Chapter 11 begins with the question by John the Baptist about whether or not Jesus is the Messiah. This is not necessarily unbelief on John’s part, but could be a way to instruct his followers to now follow Jesus. Jesus invokes the prophecy of Isaiah 35:5-6 in answer to the question. Jesus is explaining that there is more to the Messianic mission that the overthrow of the wicked. Jesus then expounds John and his ministry, calling him the greatest of all prophets (11:11). And yet, everyone in the Kingdom of Heaven is greater than he. Jesus is showing the superiority of the New Covenant. Jesus also identifies John as the promised messenger of Malachi 3:1 (v. 10, 14), which means that Jesus is claiming to be the Messiah.
Jesus then shows how the religious elite rejected Him and John not because of their deeds – their ministries could not have been any different! (vv. 18-19) – and then pronounces woe on those who did not believe in Him. The idea is that it wasn’t His (or John’s) works that were the issue, it was the rejection of their message (which we know was the same). Jesus pronounces judgment on the unbelievers, saying their unbelief is worse than some the worst sins of the Old Testament (vv. 23-24). Again, it isn’t works, it’s faith!
Jesus then thanks the Father that the “wise and understanding” (a little holy sarcasm) were not given ears to hear, but that the “little children” (this is talking about full trust and faith) were given ears to hear. It is clear here that Jesus speaks of faith as something granted by God out of His grace (v. 26). That we cannot “know” Father or Son unless Christ reveals them to us reinforces this idea. Yet, there is a universal call, offered to those laden with sin, to come to Jesus for rest. This would invoke Sabbath rest to His audience, a pointer to the security and provision God alone can provide. Jesus invites us to take off our burden of sin, and take on His yoke (salvation) by learning from Him. If we do, we will be granted not a physical Sabbath rest, but the spiritual rest to which the Sabbath points.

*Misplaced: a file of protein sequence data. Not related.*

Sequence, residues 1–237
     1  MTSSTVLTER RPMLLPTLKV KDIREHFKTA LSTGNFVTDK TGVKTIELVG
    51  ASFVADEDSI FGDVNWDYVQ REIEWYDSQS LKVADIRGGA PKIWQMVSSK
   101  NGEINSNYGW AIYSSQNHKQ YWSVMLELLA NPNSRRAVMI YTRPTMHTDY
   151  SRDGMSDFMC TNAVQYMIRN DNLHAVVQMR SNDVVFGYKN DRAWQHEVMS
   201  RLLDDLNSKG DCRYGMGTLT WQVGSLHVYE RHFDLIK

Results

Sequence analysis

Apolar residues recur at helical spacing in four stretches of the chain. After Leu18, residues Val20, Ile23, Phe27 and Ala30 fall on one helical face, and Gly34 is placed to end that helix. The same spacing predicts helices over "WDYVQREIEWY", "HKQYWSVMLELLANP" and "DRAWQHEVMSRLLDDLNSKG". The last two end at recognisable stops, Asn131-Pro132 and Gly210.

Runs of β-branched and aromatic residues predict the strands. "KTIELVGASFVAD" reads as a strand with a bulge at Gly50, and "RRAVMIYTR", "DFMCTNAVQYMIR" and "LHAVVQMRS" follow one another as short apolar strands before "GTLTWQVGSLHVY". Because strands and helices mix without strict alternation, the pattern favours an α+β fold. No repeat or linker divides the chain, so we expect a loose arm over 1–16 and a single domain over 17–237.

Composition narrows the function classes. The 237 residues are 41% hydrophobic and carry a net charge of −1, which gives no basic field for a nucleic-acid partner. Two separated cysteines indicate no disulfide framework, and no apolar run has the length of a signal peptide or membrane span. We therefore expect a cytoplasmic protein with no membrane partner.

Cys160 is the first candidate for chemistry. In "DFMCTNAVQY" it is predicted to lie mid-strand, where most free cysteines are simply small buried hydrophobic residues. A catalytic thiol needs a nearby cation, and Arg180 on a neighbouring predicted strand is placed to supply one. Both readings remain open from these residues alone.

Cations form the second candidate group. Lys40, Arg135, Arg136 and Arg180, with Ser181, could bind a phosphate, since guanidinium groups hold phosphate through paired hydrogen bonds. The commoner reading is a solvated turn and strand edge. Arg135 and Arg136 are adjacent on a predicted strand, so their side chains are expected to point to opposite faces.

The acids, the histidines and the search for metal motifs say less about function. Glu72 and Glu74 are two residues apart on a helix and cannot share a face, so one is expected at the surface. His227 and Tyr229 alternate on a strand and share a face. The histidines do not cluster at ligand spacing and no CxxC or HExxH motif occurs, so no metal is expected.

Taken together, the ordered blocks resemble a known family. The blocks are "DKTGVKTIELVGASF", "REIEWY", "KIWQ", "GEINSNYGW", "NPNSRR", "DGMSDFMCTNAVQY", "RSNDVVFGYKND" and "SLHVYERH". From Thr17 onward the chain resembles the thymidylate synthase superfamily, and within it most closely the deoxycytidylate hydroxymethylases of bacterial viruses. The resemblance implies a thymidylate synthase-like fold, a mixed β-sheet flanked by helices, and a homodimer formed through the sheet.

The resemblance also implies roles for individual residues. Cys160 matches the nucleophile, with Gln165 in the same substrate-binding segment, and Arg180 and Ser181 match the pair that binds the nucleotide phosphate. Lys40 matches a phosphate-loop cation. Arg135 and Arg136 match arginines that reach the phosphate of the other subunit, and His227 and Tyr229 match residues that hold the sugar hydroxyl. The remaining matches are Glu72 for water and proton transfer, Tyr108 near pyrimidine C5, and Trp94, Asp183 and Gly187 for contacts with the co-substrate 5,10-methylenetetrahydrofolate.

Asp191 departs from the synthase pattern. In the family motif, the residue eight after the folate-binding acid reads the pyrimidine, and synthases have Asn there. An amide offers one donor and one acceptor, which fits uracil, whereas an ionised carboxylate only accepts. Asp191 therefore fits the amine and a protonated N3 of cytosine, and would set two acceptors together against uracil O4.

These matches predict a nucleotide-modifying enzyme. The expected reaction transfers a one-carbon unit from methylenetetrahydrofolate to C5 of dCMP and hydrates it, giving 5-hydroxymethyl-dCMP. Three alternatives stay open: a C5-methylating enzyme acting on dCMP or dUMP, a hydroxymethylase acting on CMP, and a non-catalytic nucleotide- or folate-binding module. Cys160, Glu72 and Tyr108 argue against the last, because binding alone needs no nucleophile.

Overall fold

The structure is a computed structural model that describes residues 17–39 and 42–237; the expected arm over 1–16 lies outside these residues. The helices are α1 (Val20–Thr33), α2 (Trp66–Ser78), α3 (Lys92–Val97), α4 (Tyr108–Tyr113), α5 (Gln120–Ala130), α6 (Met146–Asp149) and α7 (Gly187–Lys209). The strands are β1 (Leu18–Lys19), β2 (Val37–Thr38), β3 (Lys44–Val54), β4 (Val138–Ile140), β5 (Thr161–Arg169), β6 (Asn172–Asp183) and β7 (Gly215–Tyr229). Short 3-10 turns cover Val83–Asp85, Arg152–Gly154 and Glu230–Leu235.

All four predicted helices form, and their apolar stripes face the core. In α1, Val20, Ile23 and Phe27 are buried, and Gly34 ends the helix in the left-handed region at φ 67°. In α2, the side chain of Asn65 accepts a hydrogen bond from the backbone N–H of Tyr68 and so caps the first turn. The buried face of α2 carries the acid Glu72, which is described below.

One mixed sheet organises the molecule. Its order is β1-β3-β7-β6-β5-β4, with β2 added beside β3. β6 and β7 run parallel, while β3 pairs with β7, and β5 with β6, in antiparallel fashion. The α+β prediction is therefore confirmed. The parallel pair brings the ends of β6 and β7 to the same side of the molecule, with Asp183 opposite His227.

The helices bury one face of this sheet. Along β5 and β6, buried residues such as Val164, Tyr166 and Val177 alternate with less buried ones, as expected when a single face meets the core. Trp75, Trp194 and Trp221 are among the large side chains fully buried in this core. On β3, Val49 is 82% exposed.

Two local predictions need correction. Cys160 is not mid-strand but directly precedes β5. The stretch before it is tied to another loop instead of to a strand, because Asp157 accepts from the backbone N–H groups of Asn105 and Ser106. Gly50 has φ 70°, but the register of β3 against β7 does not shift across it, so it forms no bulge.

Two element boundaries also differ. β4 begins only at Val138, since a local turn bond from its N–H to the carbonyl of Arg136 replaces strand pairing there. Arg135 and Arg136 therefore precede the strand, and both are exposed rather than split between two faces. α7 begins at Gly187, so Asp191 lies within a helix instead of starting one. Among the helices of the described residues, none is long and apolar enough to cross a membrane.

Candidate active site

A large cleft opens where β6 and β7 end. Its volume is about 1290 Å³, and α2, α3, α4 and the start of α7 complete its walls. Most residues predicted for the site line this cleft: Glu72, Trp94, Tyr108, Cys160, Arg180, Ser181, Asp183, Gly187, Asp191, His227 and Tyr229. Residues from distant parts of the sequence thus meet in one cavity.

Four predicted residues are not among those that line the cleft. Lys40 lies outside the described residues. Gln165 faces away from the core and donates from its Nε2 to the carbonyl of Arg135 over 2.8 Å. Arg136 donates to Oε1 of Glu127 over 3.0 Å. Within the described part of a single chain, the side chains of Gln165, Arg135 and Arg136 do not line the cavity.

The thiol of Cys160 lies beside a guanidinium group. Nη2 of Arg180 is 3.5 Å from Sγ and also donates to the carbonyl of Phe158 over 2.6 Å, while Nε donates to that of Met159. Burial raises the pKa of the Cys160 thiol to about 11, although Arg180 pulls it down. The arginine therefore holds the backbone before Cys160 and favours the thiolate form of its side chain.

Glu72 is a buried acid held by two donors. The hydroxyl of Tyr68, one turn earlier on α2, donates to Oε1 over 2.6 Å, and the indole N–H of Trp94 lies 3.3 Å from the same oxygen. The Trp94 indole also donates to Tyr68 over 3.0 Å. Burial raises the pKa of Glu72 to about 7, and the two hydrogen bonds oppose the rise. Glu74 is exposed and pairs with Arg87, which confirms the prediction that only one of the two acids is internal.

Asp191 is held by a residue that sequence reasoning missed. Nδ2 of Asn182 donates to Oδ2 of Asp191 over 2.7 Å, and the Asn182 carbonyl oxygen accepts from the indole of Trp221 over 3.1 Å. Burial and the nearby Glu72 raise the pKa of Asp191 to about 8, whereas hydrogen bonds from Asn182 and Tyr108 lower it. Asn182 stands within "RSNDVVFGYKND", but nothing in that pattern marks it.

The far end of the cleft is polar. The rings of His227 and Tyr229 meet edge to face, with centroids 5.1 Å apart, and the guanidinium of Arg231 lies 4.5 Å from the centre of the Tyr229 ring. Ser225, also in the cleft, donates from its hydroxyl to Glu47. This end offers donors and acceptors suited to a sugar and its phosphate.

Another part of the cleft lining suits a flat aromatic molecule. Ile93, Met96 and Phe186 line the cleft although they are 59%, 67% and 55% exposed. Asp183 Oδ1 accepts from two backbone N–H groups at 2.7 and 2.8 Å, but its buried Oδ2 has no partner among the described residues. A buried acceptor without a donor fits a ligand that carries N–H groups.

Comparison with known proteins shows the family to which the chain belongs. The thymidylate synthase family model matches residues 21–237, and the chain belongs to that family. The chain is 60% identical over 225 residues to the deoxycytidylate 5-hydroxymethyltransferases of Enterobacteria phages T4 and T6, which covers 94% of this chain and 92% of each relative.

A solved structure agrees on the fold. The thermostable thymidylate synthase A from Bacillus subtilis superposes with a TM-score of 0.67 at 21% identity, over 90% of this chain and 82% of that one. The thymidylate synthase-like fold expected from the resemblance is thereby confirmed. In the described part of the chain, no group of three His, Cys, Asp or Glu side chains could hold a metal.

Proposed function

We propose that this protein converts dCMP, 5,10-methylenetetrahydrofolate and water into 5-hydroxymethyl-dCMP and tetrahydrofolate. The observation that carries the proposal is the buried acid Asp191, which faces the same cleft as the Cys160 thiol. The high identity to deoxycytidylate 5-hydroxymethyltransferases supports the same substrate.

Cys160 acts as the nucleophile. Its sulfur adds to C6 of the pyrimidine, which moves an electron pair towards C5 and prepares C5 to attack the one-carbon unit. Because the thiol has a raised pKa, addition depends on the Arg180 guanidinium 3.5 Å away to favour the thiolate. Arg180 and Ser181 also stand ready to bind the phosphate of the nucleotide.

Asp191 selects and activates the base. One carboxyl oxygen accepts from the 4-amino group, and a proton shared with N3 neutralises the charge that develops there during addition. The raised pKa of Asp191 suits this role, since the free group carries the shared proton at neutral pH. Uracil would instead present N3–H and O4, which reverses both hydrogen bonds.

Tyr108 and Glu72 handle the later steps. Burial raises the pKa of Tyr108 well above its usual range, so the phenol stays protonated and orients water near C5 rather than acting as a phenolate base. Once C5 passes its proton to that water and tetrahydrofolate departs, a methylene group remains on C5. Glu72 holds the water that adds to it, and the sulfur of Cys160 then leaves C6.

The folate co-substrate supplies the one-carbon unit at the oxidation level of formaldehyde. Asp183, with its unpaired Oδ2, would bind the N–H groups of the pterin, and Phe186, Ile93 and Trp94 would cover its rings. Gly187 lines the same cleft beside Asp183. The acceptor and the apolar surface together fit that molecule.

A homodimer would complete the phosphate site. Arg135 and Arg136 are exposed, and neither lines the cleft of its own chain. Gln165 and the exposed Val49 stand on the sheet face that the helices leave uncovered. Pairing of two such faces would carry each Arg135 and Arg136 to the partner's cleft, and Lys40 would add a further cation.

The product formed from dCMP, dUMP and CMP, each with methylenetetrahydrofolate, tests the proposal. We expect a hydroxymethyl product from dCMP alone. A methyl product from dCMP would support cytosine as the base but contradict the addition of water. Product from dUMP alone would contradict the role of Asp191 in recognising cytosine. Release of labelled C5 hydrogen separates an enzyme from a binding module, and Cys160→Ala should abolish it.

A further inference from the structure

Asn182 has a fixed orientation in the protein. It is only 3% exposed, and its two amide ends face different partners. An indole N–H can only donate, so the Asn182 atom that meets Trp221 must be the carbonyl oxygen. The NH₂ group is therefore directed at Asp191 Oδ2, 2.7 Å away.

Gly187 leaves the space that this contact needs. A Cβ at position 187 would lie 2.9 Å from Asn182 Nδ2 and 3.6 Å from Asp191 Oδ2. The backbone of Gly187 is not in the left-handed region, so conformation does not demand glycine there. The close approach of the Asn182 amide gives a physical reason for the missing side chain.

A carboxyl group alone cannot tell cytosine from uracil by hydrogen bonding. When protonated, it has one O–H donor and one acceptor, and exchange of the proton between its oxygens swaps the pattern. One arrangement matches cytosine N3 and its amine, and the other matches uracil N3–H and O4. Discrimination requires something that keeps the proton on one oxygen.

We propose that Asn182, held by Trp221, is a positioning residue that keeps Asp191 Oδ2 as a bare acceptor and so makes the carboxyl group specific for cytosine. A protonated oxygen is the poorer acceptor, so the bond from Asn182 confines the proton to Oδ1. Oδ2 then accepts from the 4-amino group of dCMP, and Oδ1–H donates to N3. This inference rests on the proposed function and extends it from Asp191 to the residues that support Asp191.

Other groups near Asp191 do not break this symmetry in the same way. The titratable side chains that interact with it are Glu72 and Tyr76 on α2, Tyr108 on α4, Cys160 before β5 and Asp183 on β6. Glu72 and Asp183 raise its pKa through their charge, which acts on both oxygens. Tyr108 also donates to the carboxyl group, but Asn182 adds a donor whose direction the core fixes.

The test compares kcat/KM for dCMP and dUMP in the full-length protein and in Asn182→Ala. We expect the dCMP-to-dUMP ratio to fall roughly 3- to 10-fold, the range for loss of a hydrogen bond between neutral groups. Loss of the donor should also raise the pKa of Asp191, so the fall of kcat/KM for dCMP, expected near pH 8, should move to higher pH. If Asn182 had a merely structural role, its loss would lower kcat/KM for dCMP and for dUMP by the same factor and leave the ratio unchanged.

The chapter ends by Jesus telling us that His yoke (which He invites us to trade our own for – v. 29) is easy, and that His burden is light (v. 30).2 The yoke worn by animals signified their submission to their owner and the works that resulted from that submission. Apart from Christ, our submission is to sin. In addition, Jesus may have in view the burden of the Law as it was misunderstood by the Jewish leaders (which also leads to sin – see Gal 3:10-14). In either case, Jesus invites us to lay down that burden, and take on His. We can escape our submission to sin, through submission to Christ, and flee the works of sin for righteousness.
1 Please note that much more than the Twelve followed Jesus. We know from Acts 1:21-23 that there were two other men that followed Jesus from the very beginning of His ministry. There were more who joined Him during His ministry, including women.
2 If you’ve never heard it, Handel’s “His Yoke Is Easy” from his Messiah is an amazing composition. Here is a link if you’d like to take a listen: https://open.spotify.com/track/4o56GUDg6wn5RjAy38yNrl?si=6a53b44130fb4441